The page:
Adams is best known in brass instrument circles for his introduction of the “rotary valve,” possibly in 1824. It’s becoming more apparent in my research that Nathan Adams created a stir among musical instrument makers (and players) in Europe. He was well traveled and held in high regard in the various circles frequented by the musical elite. But his contributions have yet to be fully acknowledged.
I believe Nathan Adams was involved with the innovations which led to the invention of the “Vienna valve” trumpet. After all he was a machinist and had the capability to recreate, modify, or improve any brass instrument placed in his hands. He was considered a mechanical genius by his peers, colleagues … and especially, his friends. And his contributions to brass instrument development is widely accepted.
More to follow …
ORIGINAL Post July 9, 2015 … REVISED August 14, 2015, 4:26pm
by George DeLuca
Contributors to this post: Linda McCluskey, Paul Early, Mike, and Robb Stewart!
Rosenberg, Chaim M., The Life and Times of Francis Cabot Lowell, 1775-1817, Lexington Books, copyright 2011
Eliason, Robert, “Early American Valves for American Instruments,” The Galpin Society Journal, Vol 23, p86-96, copyright 1970
Stewart, Robb, “1840s Trumpet in F by Leopold Uhlmann,” http://www.robbstewart.com
Photos courtesy of Linda McCluskey and Robb Stewart
(TO BE) OFFERED BY COUNCILOR RITA MERCIER
CITY OF LOWELL
IN CITY COUNCIL
RESOLUTION IN SUPPORT OF CITY/STATE DIVESTMENT
FROM FOSSIL FUELS
WHEREAS: Climate change poses a grave threat to the City of Lowell, its residents, and …
According to Jay Mason, Councilor Mercier filed a motion to support the resolution in December. Councilor Samaras offered a substitute motion requesting a report from the city manager. This was approved at the council that evening and a report was subsequently provided by Manager Murphy’s office in January. The group 350Massachusetts of Greater Lowell has been working since then to build support for the resolution (language per above link) and a re-submittal is planned before the council sometime in August. Lowell would join at least 12 other communities around the state who have called for similar resolutions against fossil fuel investment by the state pension reserve investment trust.
Post Contributors: Derek Pelotte and Jay Mason, 350Mass of Greater Lowell.
For more info email: email@example.com
Last Update: 6/16/2015 at 8:20pm.
Also … 350Mass of Greater Lowell invites all to the
at Lucy Larcom Park
Saturday, June 27 from 11:30am-2pm
by George DeLuca
Lowell2020 (like us on Facebook!)
June 13, 2015 – The mood outside Lowell City Hall was electric on Saturday morning as the Cameroonians of Lowell Association (CAMOLA) joined City officials in an annual ritual that celebrates their African heritage, the City Hall flag raising. The highlight of the event was the introduction of a new organization called the Cameroonian American Youths of Lowell (CAYOL). Attendee and Cameroon immigrant Chris Tifah summed it up by saying, “Roots are important … the youth are important.”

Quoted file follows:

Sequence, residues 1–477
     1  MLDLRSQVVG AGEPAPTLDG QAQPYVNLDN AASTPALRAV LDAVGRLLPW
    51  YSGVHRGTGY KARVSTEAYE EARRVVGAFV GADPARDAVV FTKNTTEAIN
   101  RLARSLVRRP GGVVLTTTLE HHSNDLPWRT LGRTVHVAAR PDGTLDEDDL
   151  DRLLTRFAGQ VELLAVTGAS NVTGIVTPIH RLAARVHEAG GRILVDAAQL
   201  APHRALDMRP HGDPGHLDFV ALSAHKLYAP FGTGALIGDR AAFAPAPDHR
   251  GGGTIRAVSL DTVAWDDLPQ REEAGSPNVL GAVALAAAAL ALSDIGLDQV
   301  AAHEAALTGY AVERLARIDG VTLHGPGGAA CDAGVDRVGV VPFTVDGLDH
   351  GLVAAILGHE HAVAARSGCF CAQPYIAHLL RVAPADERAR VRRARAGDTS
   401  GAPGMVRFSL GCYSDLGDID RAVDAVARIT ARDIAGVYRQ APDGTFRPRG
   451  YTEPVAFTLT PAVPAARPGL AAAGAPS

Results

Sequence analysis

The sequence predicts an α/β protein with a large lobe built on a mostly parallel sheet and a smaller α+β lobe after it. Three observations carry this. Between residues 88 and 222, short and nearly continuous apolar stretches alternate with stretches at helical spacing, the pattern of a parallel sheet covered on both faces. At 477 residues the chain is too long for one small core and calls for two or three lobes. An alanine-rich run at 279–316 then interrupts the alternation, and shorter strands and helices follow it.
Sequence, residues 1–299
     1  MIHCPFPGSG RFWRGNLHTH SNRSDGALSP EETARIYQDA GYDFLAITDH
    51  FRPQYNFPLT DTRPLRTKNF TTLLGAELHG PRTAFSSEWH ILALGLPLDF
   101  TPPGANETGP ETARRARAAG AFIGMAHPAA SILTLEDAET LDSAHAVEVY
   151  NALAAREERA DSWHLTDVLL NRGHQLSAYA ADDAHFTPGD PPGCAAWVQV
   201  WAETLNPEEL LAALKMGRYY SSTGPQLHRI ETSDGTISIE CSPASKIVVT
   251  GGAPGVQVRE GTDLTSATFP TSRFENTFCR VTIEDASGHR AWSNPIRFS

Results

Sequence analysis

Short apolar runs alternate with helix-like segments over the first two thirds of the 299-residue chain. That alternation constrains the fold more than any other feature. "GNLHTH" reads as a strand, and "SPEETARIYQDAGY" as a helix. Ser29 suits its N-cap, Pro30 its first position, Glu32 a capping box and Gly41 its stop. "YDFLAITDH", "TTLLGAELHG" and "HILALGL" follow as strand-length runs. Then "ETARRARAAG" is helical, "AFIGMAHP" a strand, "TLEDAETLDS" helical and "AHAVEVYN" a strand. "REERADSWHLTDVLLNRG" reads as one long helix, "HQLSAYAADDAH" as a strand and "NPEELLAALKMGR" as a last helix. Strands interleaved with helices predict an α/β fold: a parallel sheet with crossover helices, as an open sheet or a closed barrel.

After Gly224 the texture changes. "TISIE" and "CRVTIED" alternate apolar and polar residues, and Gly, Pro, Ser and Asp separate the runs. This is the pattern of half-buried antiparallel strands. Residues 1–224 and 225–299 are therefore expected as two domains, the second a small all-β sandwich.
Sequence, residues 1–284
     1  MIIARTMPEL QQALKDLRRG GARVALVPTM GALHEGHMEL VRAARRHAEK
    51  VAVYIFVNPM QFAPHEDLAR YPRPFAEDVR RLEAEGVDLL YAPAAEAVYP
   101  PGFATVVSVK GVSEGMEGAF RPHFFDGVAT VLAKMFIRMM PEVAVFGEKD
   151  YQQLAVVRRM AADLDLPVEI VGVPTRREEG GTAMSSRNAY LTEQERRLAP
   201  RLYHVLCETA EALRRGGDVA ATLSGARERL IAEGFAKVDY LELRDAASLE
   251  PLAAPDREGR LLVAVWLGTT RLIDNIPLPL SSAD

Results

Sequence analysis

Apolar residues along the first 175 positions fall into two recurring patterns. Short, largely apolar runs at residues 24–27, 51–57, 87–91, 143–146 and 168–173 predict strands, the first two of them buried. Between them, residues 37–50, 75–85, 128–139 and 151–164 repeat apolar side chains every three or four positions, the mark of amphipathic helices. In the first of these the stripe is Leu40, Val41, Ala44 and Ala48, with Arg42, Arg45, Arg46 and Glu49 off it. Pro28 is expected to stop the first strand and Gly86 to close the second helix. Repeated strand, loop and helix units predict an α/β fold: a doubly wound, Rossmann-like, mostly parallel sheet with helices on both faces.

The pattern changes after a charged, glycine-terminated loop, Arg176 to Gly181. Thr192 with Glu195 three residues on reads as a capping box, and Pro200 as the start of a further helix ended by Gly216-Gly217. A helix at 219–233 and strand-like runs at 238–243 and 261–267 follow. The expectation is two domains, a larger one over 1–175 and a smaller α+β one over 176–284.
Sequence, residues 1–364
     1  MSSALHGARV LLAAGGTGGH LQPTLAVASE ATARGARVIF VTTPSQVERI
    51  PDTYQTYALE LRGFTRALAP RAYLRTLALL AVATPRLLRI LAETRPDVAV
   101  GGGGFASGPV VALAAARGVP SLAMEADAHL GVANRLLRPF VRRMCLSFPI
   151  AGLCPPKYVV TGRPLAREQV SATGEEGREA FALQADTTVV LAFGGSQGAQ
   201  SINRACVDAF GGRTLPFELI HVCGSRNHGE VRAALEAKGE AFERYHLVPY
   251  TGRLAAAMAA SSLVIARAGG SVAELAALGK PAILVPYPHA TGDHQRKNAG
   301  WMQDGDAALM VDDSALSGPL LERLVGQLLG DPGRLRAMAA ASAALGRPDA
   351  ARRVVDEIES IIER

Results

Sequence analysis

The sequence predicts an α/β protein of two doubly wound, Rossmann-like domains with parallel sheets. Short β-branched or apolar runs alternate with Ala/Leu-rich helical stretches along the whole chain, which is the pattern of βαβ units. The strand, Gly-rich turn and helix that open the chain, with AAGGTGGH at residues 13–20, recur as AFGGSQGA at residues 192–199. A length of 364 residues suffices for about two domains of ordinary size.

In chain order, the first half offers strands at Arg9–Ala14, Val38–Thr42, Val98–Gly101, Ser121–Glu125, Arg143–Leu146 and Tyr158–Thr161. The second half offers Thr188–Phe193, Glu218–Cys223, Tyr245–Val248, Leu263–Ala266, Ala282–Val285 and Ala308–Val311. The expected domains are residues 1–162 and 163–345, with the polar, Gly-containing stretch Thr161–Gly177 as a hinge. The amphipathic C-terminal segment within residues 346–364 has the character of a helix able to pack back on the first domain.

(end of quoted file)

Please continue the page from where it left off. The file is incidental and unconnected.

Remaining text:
Of course, City Councilor Rita Mercier loves all Lowellians and receives love at each event she attends. And she attends many events! The crowd came alive as she delivered another resounding speech of welcome, love, and support spiced by her usual sprinkling of self deprecating humor. Mayor Rodney Elliott too proved knowledgeable about highlights in Cameroon history, and read a city proclamation to honor the Cameroon culture, their positive impact on the city, and their youth.
I asked Mr. Tifah how things were going in the Cameroon homeland in Western Africa. He said that he was dismayed about the challenges impeding economic development in the country, with particular concerns about corruption and youth unemployment. Mr. Tifah noted that 80% of the people of Cameroon have a college education, but there are no jobs. Lacking a flourishing private sector economy, Cameroonian youth in West Africa have become prime targets for extremist groups. In Lowell, CAMOLA recognizes the importance of education and has initiated a youth group and a scholarship program for high school students.
Lowell Cameroonians have armed themselves with the knowledge that their children stand a better chance at succeeding in the workforce in the United States system of democracy. Mayor Elliott and City Councilor Mercier made it clear that their efforts are sincerely supported in Lowell. As the young people took part in the raising of the Cameroon flag, all sang resounding versions of the Cameroon National Anthem followed by the Star Spangled Banner.
Cameroon National Anthem
O Cameroon, Thou Cradle of our Fathers,
Holy Shrine where in our midst they now repose,
Their tears and blood and sweat thy soil did water,
On thy hills and valleys once their tillage rose.
Dear Fatherland, thy worth no tongue can tell!
How can we ever pay thy due?
Thy welfare we will win in toil and love and peace,
Will be to thy name ever true!
Land of Promise, land of Glory!
Thou, of life and joy, our only store!
Thine be honor, thine devotion,
And deep endearment, for evermore.
NOTE: The 2015 Lowell African Festival takes place on Saturday, June 27, 2015 at the Sampas Pavilion. The event is free and all are invited to attend.
by George DeLuca (writing and photos)
Lowell2020 (like us on Facebook!)
June 9, 2015 – The Fourth Annual Deshpande Symposium for Innovation and Entrepreneurship and Education was held at the UMass Lowell Inn and Conference Center (ICC) from June 9 through June 11. UMass Lowell officials kicked off the symposium by unveiling the new Innovation Hub (iHub) and M2D2 expansion space at 110 Canal Street. The expansion is sure to become another jewel in the growing UMass Lowell legacy.